Fixed: ACK/RST intermittently connecting to RPC/Kerberos/LDAP ports on a Server 2012 R2 Domain Controller

I worked an interesting case this week.  My customer had widespread domain controller outages on their Windows Server 2012R2 DCs.  A network trace showed that connections to the domain controllers were intermittently being refused with an ACK/RST (acknowledgement/reset) in response to the initial SYN (TCP Hello) packet.

It only happened under load.
It wasn't a firewall.
It wasn't the AV software.
It wasn't a laundry list of other things.

Here is the odd bit.  In a netsh trace on the DC, we could see the SYN packet was getting to the DC, but it wasn't getting to the RPC endpoint mapper, lsass, or netlogon.


That took the weekend and Monday to figure out.  What we discovered was there was a TDI filter driver in the networking stack that was, for cause unknown, slowing down network connections to the DC.

TDI "Transport Driver Interface" is an older Windows technology that lets software drivers hook between the TCP/IP driver stack and applications.

Further digging led us to find this KB article from Trend Micro that indicated a problem with the VmWare NSX Network Introspection Driver (vnetflt.sys) was causing the trouble.  This driver is installed with the VmWare Tools Package on the DCs, and it was several years out of date.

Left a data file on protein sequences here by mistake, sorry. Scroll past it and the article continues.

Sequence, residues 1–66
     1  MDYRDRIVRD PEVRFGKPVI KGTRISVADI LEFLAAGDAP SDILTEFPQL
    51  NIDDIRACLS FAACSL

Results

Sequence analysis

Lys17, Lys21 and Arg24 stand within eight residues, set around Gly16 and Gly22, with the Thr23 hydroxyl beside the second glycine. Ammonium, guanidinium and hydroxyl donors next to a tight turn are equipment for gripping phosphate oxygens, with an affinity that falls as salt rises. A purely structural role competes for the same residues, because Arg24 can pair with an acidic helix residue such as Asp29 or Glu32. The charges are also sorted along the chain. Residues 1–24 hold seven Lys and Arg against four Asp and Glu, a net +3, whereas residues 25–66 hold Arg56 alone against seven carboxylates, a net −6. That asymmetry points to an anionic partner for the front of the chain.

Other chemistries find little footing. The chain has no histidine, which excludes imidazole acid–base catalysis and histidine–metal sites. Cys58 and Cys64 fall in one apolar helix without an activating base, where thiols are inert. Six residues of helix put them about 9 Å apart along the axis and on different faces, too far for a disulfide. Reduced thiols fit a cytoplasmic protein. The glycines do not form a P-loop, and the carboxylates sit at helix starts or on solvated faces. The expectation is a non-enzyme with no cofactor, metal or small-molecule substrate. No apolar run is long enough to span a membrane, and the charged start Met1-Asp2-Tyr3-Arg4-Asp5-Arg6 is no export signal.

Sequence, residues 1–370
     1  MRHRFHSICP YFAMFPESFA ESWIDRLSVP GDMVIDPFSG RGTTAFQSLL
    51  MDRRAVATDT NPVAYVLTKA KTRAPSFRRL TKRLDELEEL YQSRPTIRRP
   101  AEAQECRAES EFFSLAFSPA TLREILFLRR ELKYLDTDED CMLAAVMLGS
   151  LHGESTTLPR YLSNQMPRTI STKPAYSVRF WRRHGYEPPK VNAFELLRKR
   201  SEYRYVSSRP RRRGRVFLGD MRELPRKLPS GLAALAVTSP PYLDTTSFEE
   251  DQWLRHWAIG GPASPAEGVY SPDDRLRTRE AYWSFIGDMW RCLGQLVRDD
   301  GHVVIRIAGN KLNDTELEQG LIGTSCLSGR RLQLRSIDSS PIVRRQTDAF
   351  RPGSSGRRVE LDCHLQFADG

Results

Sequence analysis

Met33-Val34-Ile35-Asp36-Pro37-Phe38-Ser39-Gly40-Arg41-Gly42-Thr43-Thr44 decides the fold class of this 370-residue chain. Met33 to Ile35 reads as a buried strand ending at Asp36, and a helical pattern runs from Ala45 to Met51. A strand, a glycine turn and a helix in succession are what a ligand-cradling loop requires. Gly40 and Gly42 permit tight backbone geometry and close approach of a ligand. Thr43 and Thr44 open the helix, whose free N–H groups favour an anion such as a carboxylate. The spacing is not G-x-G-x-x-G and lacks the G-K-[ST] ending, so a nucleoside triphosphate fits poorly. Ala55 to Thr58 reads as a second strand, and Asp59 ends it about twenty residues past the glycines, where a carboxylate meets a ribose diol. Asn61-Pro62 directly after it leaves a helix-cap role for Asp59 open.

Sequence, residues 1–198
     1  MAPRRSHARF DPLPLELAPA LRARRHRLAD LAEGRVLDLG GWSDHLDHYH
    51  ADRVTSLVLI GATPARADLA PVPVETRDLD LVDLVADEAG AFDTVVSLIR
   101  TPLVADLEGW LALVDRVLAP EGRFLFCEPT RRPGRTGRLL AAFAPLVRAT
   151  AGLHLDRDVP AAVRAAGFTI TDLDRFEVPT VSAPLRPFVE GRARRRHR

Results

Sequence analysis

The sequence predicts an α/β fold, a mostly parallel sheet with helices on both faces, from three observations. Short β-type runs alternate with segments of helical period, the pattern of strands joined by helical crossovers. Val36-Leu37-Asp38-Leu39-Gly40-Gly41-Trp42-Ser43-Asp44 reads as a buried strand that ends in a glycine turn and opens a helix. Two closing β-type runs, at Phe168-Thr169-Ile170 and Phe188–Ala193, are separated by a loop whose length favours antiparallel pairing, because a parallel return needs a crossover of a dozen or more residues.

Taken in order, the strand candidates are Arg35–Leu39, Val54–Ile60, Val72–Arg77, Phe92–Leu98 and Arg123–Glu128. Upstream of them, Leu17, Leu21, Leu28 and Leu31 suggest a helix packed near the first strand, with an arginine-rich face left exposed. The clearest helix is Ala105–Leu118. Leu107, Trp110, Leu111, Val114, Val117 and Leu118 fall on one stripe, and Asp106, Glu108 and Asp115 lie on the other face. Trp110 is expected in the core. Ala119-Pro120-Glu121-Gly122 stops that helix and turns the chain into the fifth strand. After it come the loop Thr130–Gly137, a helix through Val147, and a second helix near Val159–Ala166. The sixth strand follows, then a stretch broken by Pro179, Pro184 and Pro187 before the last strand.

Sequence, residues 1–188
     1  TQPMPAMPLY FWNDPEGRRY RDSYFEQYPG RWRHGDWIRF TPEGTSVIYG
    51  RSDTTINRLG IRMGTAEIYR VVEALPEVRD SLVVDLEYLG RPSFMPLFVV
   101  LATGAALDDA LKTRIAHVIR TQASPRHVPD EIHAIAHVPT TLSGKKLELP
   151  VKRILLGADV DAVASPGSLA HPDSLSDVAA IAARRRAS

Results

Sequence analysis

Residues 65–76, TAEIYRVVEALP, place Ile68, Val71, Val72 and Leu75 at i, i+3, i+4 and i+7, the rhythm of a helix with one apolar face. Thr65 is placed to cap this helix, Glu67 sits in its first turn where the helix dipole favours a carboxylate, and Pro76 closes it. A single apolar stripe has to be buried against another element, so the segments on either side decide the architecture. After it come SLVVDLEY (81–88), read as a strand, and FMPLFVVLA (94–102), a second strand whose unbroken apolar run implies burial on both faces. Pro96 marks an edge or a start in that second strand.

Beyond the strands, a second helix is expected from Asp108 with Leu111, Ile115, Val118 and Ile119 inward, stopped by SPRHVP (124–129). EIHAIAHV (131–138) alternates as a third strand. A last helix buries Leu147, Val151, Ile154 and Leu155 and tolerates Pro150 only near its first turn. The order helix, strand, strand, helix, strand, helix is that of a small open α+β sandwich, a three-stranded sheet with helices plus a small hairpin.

The solution from the KB worked.  We disabled that driver via the registry and the problem stopped immediately after a reboot.

Specifically, in the registry:
Path: HKEY_LOCAL_MACHINE\SYSTEM\CurrentControlSet\services\vnetflt\
Key: Start
Value: 4


It's interesting to note that I haven't seen or heard of any other similar issues with this.  I assume it was an interaction between the ancient VmWare tools on the box and some of their security software or a Software Update, but I'm not sure.  They wanted to do that root cause analysis in their lab independently.  I asked them to cc me on the root cause, and I'll update this blog post if they do.

Lessons Learned:
  • You really should keep your VmWare tools updated.  
    • Like all drivers, a fire and forget mentality can seriously bite you.
  • You can convert a netsh network trace ETL file to a big text file with this command:
    • netsh trace convert input="input.etl" output="output.log" 
  • You can capture a netsh network trace ETL and add in extra ETL providers, like the TCPIP driver messages, with this command: 
    • netsh trace start capture=yes overwrite=yes maxsize=2048  tracefile=c:\output.etl scenario=netconnection provider={EB004A05-9B1A-11D4-9123-0050047759BC} keywords=0xffffffffffffffff level=0xff provider="Microsoft-Windows-TCPIP" keywords=0xffffffffffffffff level=0xff
  • The Potbelly Sandwich Shop in Normal, Illinois makes a fantastic grilled cheese sandwich.